SkateBIRD review – Tony Hawk with cheep gimmicks

Budgies, woodpeckers and falcons hit the half-pipe in this indie sports sim, but is it really for the birds?

Although it’s never actually explained it seems worryingly likely that the idea for SkateBIRD came from someone saying, what if ‘Tony Hawk was an actual hawk’? As a result, you play as various types of birds, as you pull off ollies, kickflips, and rail grinds around a normal human house for high scores and fellow avian appreciation.

The novelty couldn’t have arrived at a better time. After last year’s excellent Tony Hawk’s Pro Skater remakes, skateboarding games are having a minor resurgence – with Skate 4, Session, and OlliOlli World either in early development or close to the horizon. No matter how great those end up being, however, none of them will have the ability to chirp (or ‘screm’ as SkateBIRD calls it) after landing a grab trick and riding into a manual.

You’re thrown into the first level with little guidance on how to execute anything, which would be fine if the controls felt instinctive or natural but, unlike Tony Hawk’s, SkateBIRD is loose and finicky. You control momentum by pushing forwards or backwards on the left stick, along with your steering, while tricks are tied to buttons. To achieve higher speeds and reach maximum air, you need to fill a ‘fancy’ gauge by performing tricks, or sliding on slopes without falling.

This control system means every time you fall you have to ride around and perform tricks just to regain your momentum. This wouldn’t be an issue if SkateBIRD was more precise, but too often you’ll fly off your board because of the jolting camera, awkward level design, or when a grind fails to register.

There are options to alleviate some issues, like adjustable sliders for balancing difficulty and steering sensitivity, but you still rarely feel the satisfying elegance of flying through levels – with far too much time spent constantly rebuilding speed to run the same tall obstacles.

Maintaining momentum has always been a core component of skateboarding games, but it feels like levels are unfairly fighting against you in SkateBIRD. Many grind rails lead to nowhere, half-pipes are often placed next to perilous drops, and even the opening level has multiple tiers of verticality to deal with before you’ve mastered the basics.

Visually, levels are covered in a distracting blur effect for anything not in your immediate vision, which makes spotting collectibles or mission items more difficult than it should.

Within each of the five skateparks you’re tasked with completing missions to progress through the story, like achieving high scores, doing certain tricks or collecting items. The light narrative is conveyed in small, pun-tastic text exchanges with other birds, as you try to gain the attention of a human owner who is consumed by their job.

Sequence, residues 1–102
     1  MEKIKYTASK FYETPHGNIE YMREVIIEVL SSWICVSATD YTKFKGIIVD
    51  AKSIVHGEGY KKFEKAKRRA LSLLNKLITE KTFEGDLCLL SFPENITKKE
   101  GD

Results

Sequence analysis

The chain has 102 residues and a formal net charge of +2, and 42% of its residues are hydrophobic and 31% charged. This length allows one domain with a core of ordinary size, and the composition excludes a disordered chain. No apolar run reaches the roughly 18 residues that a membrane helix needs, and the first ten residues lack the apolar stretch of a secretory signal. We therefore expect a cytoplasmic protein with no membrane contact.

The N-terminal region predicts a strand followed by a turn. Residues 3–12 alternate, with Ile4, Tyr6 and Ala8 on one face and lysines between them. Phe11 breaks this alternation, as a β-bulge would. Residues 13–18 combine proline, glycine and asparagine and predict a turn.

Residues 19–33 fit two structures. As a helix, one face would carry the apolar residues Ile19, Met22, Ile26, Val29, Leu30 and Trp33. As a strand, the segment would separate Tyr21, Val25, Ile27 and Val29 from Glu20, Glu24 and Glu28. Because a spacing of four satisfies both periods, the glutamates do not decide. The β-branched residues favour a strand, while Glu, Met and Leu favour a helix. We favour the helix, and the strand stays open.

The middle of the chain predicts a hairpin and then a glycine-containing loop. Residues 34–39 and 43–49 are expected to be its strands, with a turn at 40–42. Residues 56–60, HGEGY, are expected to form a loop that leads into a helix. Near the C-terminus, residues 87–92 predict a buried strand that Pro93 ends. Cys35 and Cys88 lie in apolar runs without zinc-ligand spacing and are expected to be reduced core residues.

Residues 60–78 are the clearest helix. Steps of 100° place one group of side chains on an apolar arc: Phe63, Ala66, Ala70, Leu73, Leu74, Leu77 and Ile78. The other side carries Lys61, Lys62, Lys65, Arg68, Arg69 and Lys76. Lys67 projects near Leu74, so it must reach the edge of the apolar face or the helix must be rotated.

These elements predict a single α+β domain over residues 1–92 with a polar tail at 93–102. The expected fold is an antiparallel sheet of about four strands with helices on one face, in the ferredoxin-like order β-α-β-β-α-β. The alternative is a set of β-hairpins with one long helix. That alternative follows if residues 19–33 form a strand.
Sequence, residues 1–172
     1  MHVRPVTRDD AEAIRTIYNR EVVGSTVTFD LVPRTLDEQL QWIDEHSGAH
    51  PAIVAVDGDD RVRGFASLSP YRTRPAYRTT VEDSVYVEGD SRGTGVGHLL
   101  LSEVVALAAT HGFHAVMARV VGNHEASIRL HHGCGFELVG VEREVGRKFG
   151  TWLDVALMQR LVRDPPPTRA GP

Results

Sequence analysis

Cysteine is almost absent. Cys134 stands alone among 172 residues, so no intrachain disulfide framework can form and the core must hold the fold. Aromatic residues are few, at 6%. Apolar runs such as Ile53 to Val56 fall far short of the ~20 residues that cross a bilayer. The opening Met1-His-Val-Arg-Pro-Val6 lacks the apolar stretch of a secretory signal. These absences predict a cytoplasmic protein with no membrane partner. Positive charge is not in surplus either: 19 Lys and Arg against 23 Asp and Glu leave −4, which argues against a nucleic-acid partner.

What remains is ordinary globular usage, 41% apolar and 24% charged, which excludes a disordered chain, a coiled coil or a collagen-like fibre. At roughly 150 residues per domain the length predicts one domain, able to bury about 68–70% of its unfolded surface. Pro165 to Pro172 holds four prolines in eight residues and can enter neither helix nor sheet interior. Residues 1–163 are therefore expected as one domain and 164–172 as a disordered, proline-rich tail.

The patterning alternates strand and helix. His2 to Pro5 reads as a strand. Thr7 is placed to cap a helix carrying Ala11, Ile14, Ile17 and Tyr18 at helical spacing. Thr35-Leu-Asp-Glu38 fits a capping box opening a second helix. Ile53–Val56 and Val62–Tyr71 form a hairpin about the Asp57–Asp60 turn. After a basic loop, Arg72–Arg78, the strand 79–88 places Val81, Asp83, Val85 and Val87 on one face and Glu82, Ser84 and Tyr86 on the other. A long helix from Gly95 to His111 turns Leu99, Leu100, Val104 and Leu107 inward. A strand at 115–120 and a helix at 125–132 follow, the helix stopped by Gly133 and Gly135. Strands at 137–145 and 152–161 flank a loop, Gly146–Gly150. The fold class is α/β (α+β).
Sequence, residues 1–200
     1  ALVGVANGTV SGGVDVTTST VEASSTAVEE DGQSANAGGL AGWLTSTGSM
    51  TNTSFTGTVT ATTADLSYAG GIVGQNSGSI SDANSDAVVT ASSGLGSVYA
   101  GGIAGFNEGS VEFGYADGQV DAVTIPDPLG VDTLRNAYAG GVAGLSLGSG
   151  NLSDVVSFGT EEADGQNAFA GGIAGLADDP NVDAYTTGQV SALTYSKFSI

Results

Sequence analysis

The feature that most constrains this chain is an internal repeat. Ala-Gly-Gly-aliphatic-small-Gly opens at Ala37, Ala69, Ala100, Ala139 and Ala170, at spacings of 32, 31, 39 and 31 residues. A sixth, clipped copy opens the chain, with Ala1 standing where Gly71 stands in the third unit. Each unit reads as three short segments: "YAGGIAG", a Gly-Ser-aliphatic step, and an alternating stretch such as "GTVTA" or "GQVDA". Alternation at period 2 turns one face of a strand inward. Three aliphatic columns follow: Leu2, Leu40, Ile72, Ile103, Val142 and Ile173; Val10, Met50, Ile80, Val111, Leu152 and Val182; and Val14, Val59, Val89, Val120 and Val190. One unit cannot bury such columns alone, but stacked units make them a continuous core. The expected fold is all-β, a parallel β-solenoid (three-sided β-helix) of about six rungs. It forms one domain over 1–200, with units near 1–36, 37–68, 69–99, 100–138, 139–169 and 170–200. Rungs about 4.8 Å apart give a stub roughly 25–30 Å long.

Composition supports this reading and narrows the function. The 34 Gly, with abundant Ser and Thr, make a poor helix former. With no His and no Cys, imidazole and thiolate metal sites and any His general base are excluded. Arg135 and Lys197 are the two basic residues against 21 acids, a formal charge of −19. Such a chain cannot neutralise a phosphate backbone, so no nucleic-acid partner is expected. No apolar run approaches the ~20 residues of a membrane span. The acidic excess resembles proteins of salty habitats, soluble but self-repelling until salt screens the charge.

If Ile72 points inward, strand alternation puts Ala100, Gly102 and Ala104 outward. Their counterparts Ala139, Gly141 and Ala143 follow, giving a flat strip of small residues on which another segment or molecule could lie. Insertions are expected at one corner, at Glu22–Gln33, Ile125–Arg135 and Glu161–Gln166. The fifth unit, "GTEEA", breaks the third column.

The dialogue and presentation is charming, with plenty of winks at the absurdity of the situation and the missions you’re tasked with – like dunking yourself through a basketball net or cleaning up dirt by performing tricks over carpet stains.

The criteria for success however can be loose and random. In one mission, you’re tasked with performing tricks over ventilation fans to create a smoke signal, with one involving a fan bounce which catapults you to the other side of the map. Despite executing it correctly (and in the same way) each time, it took the sixth or seventh attempt for it to register as complete – meaning progress is sometimes a frustrating, haphazard battle against inconsistent systems.

Thankfully, at least the music hits. The soundtrack ranges from punk rock and ska to a laidback original score featuring chirps and wildlife presenter narration. While emulating, to some degree, the sounds of Tony Hawk’s Pro Skater, for the most part SkateBIRD offers something more relaxed and serene – something you wish the gameplay was tight enough to carry through.

SkateBIRD can be entertaining if you want to see a pigeon flapping through a skatepark in a top hat, but the unpolished gameplay and poor level design lessens its charms. While it pokes gentle fun at its Tony Hawk inspirations the joke never really lands when the game’s greatest achievement is simply to make you want to play Pro Skater instead.

SkateBIRD review summary

In Short: A chirpy spin on the skateboarding sim genre, undermined by poor level design and frustrating gameplay.

Pros: The world and story, while thinly painted, are pleasingly silly. Some funny missions and lots of customisation for your bird skater. Soundtrack is great.

Cons: Gameplay is often frustrating. Levels have lots of awkward spaces which stop your rhythm. Gaining momentum feels like a chore thanks to the ‘fancy’ gauge. Blurry backgrounds are distracting.

Score: 5/10

Formats: PC (reviewed), Xbox One, PlayStation 4, and Nintendo Switch
Price: £15.49

Publisher: Glass Bottom Games
Developer: Glass Bottom Games
Release Date: 10th September 2021
Age Rating: 12

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